Bureau of International Narcotics and Law Enforcement Affairs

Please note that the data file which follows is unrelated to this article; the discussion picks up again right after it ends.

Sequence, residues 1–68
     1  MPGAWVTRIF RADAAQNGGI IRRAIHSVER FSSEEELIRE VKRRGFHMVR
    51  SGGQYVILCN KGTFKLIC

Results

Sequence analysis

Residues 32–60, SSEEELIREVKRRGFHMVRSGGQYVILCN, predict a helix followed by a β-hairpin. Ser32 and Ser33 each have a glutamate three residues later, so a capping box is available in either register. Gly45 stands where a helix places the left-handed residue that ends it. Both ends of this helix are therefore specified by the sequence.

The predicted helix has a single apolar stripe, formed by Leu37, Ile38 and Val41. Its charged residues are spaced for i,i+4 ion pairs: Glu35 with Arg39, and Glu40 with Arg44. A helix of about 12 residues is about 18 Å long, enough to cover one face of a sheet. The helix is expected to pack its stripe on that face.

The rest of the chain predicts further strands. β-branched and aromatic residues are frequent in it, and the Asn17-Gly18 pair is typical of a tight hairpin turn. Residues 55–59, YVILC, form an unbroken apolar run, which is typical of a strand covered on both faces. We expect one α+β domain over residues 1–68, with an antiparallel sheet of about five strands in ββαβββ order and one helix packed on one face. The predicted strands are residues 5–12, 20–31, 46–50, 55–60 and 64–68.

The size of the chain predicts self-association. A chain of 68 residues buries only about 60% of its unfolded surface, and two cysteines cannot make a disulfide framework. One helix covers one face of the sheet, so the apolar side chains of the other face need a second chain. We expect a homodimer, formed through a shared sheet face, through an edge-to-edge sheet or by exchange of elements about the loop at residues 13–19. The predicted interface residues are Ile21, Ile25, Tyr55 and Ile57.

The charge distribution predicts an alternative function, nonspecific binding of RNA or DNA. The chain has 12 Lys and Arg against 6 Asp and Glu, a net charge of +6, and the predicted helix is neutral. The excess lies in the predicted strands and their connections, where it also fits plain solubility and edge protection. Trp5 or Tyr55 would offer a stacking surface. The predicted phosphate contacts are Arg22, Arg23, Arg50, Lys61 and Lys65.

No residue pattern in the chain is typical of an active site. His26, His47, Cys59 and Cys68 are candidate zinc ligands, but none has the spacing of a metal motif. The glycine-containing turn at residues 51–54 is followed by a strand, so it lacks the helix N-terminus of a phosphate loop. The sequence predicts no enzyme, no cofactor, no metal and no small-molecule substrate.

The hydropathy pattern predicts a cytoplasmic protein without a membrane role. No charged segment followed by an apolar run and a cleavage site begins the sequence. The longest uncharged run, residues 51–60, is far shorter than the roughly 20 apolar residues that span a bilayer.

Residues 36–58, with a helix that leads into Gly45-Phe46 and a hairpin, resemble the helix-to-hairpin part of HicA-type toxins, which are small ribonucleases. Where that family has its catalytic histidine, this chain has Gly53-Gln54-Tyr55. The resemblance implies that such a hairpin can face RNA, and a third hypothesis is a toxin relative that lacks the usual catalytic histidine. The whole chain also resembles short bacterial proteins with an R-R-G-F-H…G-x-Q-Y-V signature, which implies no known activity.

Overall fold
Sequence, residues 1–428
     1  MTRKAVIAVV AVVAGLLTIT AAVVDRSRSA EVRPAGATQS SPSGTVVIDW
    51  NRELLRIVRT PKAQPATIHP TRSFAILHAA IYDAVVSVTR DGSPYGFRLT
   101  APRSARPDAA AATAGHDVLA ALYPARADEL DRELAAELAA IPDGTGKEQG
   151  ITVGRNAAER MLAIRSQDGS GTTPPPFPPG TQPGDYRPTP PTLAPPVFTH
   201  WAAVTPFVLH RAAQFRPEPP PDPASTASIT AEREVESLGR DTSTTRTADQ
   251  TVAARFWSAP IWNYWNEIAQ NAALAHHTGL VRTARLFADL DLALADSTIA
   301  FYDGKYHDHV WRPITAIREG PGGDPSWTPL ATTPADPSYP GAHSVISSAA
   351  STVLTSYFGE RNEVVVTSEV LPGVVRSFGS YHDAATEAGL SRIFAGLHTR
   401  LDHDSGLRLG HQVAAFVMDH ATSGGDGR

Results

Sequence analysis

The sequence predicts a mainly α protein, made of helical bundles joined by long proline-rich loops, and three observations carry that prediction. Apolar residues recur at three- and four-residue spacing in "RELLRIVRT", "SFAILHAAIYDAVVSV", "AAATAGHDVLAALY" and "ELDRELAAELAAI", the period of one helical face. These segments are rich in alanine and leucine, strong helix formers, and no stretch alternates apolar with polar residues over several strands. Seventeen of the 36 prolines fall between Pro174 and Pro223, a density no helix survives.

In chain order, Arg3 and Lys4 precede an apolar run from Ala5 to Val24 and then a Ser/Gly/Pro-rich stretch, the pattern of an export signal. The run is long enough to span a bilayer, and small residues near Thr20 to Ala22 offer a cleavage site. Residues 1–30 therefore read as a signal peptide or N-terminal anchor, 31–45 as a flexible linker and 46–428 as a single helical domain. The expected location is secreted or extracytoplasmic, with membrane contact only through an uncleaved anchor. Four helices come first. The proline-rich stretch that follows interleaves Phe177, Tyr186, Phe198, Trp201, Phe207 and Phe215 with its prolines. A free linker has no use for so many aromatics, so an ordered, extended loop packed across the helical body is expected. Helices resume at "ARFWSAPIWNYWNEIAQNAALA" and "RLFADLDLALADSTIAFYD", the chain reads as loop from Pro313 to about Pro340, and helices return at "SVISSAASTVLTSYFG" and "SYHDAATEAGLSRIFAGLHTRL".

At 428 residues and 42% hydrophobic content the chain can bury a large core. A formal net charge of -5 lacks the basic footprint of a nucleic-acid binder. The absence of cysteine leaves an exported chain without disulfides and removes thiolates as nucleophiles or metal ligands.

Mutual Legal Assistance Treaties (MLATs) allow generally for the exchange of evidence and information in criminal matters and proceedings related to criminal matters. In money laundering cases, MLATs can be extremely useful to obtain banking and other financial records from treaty partners. The Department of State, in cooperation with the Department of Justice, negotiates MLATs. The United States has MLATs in force with the following countries: Antigua and Barbuda, Argentina, Australia, Austria, the Bahamas, Barbados, Belgium, Belize, Bermuda, Brazil, Canada, Cyprus, Czech Republic, Denmark, Dominica, Egypt, Estonia, Finland, France (including St. Martin, French Guiana, French Polynesia, Guadeloupe, and Martinique), Germany, Greece, Grenada, Hong Kong, Hungary, India, Ireland, Israel, Italy, Jamaica, Japan, Latvia, Liechtenstein, Lithuania, Luxembourg, Malaysia, Malta, Mexico, Morocco, the Kingdom of the Netherlands (including Aruba, Bonaire, Curacao, Saba, St. Eustatius, and St. Maarten), Nigeria, Panama, Philippines, Poland, Portugal, Romania, Russia, Slovak Republic, Slovenia, St. Lucia, St. Kitts and Nevis, St. Vincent and the Grenadines, South Africa, South Korea, Spain, Sweden, Switzerland, Thailand, Trinidad and Tobago, Turkey, Ukraine, United Kingdom (including Anguilla, British Virgin Islands, Cayman Islands, the Isle of Man, Montserrat, and Turks and Caicos), Uruguay, and Venezuela. In addition, on February 1, 2010, 27 U.S.-EU Instruments/Agreements/Protocols entered into force that either supplemented existing MLATs or created new mutual legal assistance relationships between the United States and every member of the EU. The United States is engaged in negotiating additional MLATs with countries around the world. The United States also has signed and ratified the Inter-American Convention on Mutual Legal Assistance of the Organization of American States, the United Nations Convention against Corruption, the United Nations Convention Against Transnational Organized Crime, the International Convention for the Suppression of the Financing of Terrorism, and the 1988 UN Drug Convention.